REVIEW: Hounds – 1129 [EP/2015]


Artist: Hounds 

Album: 1129 – EP


Few creatures have personified struggle, strife and savagery as well as canines have. Dogs have served as an emblem of aggression and carnivorous, ravaging energy since ancient Greco-Roman myths and catholic scripture—servants of Hades, guards of Hell’s gates, the list goes on. Recently, pop culture has given man’s best friend a sparkly new façade; whether it be Paris Hilton’s Pomeranian or your favorite “#DogsOfInsta” Instagram account. Enter the Georgian juggernauts, Hounds—a band hellbent on bringing back a bone-snapping intensity that would make Cerebrus blush. 1129 is heavy-handed, hard-hitting metallic hardcore that will swing at the listener until their jaw is limp, dislocated and dangling at the base of their neck. Catchy, raunchy metalcore with a kick of Southern heat and heartfelt passion, plug in, turn up, and let slip the Hounds of war.

It’s easy to write off “metalcore” as the overpopularized, glitzy, post-hardcore infused monstrosity heavy music’s mainstream has molded it into. But underneath the superficial clean-chorus coat of substancelessness, there is a thriving underbelly of punchy, passionate metalcore that is going stronger than ever. Aligning themselves with the likes of Beacons, 2×4 and Kublai Khan, Hounds find themselves in the latter, and in notable fashion. 1129 is home to skin-peeling riffs, bone-splitting chugs and punctual, dizzying percussion that makes it leaps beyond par for metalcore’s humdrum course. Drummer Nick Chance devastates every track—whether it’s his bombastic lead-in to “Distance” or his subtle ghost notes in the introduction to the EP’s title tracks, Chance is a crushing, all-consuming force to be reckoned with. Chance’s galloping, furious candor is a perfect target for a liberal application of lurid, sludgy grime in the form of Josh Palmer’s low-down and dirty bass work. Often adding subtle coats of slime and filth to the band’s grinding riffs and gutsy drumming, Palmer goes largely unnoticed—save moments of “The Devil’s Game” and “Reflections” where his grooves cut through Chance’s splashy cymbals to slither freely into the listener’s head. While Chance and Palmer lay down a majority of Hounds’ hectic, heavy low-end, guitarists Zachary Sweeney and Zack Harvey range from ruthless riffs to corpse-melting chugs throughout 1129 that give the EP it’s sharp, shining edge. “Reflections” is a glorious example, beginning with a grisly, grinding nu-metallic riff that quickly weaves from aggressive to ambient—shortly before kicking out the chair and snapping the listener’s neck with no-holds-barred anger. Sweeney and Harvey are as synchronized as their similar first names might imply, as the duo work together throughout the duration of the release to keep the listener hooked.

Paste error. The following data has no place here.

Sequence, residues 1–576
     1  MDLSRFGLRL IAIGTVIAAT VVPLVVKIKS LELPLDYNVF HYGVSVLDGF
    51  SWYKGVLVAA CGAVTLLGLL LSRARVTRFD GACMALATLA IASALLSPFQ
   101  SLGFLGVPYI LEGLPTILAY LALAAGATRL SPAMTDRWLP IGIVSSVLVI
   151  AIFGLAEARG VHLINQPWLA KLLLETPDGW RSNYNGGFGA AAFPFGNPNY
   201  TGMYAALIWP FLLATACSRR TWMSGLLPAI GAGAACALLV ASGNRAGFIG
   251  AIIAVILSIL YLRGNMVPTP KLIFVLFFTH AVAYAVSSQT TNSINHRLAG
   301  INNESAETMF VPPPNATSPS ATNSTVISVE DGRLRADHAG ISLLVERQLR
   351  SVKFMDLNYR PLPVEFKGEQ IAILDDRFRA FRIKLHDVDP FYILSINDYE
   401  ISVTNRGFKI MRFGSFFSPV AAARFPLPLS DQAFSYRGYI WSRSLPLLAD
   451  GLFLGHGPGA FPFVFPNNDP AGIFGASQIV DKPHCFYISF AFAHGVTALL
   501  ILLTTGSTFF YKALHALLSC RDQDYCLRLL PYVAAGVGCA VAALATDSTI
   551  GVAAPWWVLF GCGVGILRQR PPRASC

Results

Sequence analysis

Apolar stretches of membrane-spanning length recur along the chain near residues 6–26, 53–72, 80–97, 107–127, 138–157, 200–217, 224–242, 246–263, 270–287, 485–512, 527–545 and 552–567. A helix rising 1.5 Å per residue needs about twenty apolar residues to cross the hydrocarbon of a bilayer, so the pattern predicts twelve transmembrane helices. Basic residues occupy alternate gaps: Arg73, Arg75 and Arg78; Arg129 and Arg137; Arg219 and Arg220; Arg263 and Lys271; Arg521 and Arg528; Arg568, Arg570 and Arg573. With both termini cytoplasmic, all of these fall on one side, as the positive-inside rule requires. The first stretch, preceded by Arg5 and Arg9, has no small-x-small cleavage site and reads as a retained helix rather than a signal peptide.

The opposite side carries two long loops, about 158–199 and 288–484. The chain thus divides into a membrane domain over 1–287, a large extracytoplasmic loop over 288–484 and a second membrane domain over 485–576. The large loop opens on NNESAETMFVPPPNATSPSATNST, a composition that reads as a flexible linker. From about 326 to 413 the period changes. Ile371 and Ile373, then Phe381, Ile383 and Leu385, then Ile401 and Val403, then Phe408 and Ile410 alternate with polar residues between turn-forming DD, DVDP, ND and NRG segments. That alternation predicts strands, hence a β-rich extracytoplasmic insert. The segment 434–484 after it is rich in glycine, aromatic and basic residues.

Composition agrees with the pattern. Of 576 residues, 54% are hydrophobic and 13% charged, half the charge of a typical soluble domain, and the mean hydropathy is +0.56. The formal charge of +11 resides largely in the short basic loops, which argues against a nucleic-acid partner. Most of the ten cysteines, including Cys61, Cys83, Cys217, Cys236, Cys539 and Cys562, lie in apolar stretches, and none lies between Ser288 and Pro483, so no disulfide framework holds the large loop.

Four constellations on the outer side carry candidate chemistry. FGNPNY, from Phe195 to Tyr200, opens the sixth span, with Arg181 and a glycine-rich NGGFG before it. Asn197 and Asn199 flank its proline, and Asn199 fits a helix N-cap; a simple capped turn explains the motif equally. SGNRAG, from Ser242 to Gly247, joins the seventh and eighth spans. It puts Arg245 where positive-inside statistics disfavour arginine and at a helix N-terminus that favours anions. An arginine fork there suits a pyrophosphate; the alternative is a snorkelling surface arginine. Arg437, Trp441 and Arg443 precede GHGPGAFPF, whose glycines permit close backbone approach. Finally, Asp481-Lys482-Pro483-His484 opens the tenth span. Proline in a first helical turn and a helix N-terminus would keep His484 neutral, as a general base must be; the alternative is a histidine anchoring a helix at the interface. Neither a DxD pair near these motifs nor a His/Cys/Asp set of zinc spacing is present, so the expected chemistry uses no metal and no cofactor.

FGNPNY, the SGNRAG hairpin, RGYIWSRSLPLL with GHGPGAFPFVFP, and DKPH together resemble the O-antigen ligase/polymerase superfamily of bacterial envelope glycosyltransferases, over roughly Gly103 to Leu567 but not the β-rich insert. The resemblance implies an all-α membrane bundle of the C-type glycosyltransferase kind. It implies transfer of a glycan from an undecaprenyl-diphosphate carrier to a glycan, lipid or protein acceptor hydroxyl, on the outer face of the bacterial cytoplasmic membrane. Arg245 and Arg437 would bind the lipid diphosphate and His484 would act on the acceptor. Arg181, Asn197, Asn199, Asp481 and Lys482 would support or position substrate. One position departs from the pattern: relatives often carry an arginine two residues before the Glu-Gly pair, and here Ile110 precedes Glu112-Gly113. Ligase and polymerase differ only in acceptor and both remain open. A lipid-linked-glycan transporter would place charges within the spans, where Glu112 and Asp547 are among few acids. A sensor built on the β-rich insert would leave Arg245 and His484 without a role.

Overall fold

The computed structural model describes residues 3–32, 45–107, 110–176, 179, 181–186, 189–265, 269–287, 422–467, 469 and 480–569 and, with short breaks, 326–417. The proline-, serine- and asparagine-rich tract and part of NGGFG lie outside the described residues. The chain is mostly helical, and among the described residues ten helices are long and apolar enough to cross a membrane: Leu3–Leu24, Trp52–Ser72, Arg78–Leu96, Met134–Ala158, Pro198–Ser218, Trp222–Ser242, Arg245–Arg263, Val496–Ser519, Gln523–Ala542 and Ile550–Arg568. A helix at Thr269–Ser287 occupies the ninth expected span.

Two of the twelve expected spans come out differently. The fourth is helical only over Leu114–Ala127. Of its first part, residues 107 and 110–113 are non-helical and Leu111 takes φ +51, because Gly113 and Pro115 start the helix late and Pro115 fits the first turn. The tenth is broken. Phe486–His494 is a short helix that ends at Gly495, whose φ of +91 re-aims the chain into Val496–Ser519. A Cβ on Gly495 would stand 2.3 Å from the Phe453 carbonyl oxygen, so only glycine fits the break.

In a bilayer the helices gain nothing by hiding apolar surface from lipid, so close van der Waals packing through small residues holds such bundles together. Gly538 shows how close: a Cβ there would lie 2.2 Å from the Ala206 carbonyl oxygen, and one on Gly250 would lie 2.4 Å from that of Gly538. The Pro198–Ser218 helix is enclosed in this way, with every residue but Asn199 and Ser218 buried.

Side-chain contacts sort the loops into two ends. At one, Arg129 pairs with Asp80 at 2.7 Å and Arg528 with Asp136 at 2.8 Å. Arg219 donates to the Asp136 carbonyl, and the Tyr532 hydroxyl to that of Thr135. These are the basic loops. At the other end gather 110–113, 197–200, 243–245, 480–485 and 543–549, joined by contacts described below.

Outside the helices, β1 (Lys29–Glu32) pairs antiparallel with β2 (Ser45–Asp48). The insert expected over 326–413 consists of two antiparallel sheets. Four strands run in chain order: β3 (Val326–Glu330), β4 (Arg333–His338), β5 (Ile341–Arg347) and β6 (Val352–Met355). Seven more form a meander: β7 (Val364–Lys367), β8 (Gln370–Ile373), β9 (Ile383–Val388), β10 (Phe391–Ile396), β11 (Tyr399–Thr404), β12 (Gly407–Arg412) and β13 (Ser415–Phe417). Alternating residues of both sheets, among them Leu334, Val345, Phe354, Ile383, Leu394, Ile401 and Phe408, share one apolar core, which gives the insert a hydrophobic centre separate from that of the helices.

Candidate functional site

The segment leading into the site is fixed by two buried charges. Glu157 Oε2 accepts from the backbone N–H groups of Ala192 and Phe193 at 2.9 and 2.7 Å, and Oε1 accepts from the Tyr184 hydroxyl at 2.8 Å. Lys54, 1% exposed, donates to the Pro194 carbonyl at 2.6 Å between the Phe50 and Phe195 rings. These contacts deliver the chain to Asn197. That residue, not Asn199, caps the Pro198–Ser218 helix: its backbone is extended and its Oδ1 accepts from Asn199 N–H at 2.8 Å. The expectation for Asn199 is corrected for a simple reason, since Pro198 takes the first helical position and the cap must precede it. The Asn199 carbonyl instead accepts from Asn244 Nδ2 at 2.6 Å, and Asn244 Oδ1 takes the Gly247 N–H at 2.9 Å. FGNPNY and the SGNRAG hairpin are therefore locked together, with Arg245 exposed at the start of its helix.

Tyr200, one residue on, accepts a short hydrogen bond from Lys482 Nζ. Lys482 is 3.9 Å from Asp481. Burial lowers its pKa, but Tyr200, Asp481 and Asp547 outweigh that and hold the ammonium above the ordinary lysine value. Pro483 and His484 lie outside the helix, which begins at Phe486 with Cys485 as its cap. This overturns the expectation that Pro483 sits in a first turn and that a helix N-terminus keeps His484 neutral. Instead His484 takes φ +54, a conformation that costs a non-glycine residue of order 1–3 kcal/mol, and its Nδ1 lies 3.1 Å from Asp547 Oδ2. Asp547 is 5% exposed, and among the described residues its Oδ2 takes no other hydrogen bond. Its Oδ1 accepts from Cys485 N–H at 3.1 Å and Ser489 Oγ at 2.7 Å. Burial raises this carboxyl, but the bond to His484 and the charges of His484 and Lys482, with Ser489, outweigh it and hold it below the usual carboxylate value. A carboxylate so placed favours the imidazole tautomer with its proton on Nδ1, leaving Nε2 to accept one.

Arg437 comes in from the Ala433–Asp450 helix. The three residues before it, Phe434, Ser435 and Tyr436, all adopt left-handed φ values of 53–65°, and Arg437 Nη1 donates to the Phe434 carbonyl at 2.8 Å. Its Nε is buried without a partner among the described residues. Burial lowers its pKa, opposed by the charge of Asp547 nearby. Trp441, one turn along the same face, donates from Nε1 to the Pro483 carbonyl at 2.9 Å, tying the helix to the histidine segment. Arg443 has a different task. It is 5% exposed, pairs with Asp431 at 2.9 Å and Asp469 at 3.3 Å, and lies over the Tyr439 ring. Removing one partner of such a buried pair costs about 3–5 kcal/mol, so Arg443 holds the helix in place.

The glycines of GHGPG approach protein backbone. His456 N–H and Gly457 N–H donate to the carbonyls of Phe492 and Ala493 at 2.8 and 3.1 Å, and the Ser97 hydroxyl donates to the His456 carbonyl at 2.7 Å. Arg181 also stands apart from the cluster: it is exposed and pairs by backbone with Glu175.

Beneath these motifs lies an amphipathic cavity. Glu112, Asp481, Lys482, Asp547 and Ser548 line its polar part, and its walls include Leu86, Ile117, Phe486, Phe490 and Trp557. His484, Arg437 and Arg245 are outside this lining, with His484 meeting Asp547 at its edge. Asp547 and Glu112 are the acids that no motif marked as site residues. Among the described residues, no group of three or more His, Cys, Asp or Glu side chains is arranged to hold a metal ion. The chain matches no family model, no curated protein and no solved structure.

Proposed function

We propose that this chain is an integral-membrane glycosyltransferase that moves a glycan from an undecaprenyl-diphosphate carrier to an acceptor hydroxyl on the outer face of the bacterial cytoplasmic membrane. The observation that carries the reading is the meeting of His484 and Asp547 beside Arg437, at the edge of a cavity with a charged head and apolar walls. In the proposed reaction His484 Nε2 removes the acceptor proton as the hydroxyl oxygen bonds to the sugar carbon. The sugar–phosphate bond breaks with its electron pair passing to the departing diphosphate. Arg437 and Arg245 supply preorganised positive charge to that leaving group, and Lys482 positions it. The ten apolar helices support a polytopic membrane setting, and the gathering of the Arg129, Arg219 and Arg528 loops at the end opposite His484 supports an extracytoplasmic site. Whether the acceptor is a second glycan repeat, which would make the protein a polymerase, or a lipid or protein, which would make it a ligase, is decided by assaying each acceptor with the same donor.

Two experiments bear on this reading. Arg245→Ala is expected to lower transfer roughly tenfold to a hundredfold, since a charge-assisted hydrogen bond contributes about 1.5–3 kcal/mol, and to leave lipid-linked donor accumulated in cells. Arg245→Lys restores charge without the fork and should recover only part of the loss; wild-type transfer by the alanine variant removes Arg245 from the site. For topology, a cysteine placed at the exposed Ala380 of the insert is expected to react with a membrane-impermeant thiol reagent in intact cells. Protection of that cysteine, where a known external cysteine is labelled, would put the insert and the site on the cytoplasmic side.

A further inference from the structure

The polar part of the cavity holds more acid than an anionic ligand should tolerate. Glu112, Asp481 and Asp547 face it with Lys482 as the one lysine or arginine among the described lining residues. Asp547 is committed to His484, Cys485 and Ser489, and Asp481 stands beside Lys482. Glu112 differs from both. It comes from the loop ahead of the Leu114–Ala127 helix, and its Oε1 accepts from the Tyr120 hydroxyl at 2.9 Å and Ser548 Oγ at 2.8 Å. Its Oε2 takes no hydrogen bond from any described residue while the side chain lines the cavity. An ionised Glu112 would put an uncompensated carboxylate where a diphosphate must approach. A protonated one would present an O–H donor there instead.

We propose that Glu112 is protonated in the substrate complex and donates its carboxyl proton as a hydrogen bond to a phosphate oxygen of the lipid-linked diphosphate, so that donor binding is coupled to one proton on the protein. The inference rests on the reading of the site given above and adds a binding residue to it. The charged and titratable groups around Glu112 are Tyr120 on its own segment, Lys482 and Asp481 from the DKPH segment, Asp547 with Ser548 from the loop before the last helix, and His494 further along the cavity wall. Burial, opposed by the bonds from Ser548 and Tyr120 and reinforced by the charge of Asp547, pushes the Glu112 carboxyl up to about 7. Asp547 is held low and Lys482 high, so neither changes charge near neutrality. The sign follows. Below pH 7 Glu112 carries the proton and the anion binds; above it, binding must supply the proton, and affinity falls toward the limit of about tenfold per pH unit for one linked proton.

With a marvelously diverse metalcore canvas, Hounds’ instrumentation leaves many of their peers choking on dust. However, never faltering to live up to their name, Hounds’ frontman barks with a ferocious energy that would silence all the hounds Hades has to offer. Cody Roberson is, in a word, relentless. Even during the closing portions of “Reflections” and “1129” where Roberson’s aggression gives way to emotion and passion, his voice is still strong and sturdy. With a range that favors a meaty mid-range yell, but is more than capable of diving into a burly bellow or—on rare occasions—a softly crooned cleanly sung sentence or two, Roberson brings even more diversity to the table, if (somehow) the listener got bored of the musicianship. Roberson’s vocals are the very image of stamina and energy; a textbook definition or relentless. “Distance” and “The Devil’s Game” highlight this even before the consideration of the two guest appearances—Taylor Bryant (of Beacons) and Matt Honeycutt (of Kublai Khan)—letting Roberson work side by side with two of his influences and  juggernauts of metalcore’s heavier end. All of these elements come together to make 1129 as vocally frantic as it is instrumentally intense, begging the question: what more could you want?

Hounds work together like…well, a pack of Hounds, savagely ripping at the listener’s head as if they haven’t been fed in weeks. Whether it’s shameless aggression or sheer beauty, every aspect of 1129’s all-inclusive metalcore package will leave the listener breathless. Like heavy, hellish breakdowns? You will love “The Devil’s Game”—especially when Palmer’s bass rumbles below Honeycutt’s harsh growl seconds before impending doom. Perhaps you prefer more emotion and passion with your punishment? Look no further than the chorus of “Distance,” or the colorful closing portion to “Reflections,” where Roberson tactically employs soaring singing along harmonious instrumentation to hit the listener right in the feels. Hounds’ prodigally prominent debut release is a comprehensive display of mosh-friendly metalcore that will quickly skyrocket the band to notoriety within the dog-eat-dog heavy music underworld.



For Fans Of: Beacons, 2×4, Kublai Khan, Gideon, Adaliah

By: Connor Welsh